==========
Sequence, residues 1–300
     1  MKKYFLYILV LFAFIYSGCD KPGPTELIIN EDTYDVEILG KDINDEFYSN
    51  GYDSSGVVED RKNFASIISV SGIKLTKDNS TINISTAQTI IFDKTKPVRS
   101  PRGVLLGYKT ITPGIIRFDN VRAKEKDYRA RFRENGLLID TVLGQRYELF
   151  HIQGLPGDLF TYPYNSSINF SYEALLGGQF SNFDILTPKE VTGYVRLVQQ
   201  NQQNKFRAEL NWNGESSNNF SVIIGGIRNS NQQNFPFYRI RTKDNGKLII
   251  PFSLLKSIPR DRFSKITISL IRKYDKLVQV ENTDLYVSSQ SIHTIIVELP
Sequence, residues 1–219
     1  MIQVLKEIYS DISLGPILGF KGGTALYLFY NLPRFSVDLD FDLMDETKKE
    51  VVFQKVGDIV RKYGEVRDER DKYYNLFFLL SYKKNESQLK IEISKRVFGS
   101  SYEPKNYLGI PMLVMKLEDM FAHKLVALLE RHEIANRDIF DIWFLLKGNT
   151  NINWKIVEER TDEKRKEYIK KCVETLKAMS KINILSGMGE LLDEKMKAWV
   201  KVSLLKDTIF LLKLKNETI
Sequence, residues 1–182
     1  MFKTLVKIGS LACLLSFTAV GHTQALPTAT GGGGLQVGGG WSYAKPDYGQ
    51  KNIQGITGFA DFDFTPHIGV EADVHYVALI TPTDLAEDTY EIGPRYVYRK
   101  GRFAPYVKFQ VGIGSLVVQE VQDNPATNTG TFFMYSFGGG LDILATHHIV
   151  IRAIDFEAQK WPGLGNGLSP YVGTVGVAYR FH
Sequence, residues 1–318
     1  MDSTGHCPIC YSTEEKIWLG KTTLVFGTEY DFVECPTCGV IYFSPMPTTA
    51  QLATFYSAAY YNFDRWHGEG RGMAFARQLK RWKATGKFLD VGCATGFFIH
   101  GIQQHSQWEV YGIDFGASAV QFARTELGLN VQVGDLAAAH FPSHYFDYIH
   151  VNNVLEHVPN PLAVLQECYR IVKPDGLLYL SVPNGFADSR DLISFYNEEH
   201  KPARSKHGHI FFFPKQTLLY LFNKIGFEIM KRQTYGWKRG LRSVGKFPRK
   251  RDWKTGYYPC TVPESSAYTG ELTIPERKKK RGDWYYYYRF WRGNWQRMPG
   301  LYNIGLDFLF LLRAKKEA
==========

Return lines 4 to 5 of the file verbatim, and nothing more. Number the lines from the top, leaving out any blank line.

   101  PRGVLLGYKT ITPGIIRFDN VRAKEKDYRA RFRENGLLID TVLGQRYELF
   151  HIQGLPGDLF TYPYNSSINF SYEALLGGQF SNFDILTPKE VTGYVRLVQQ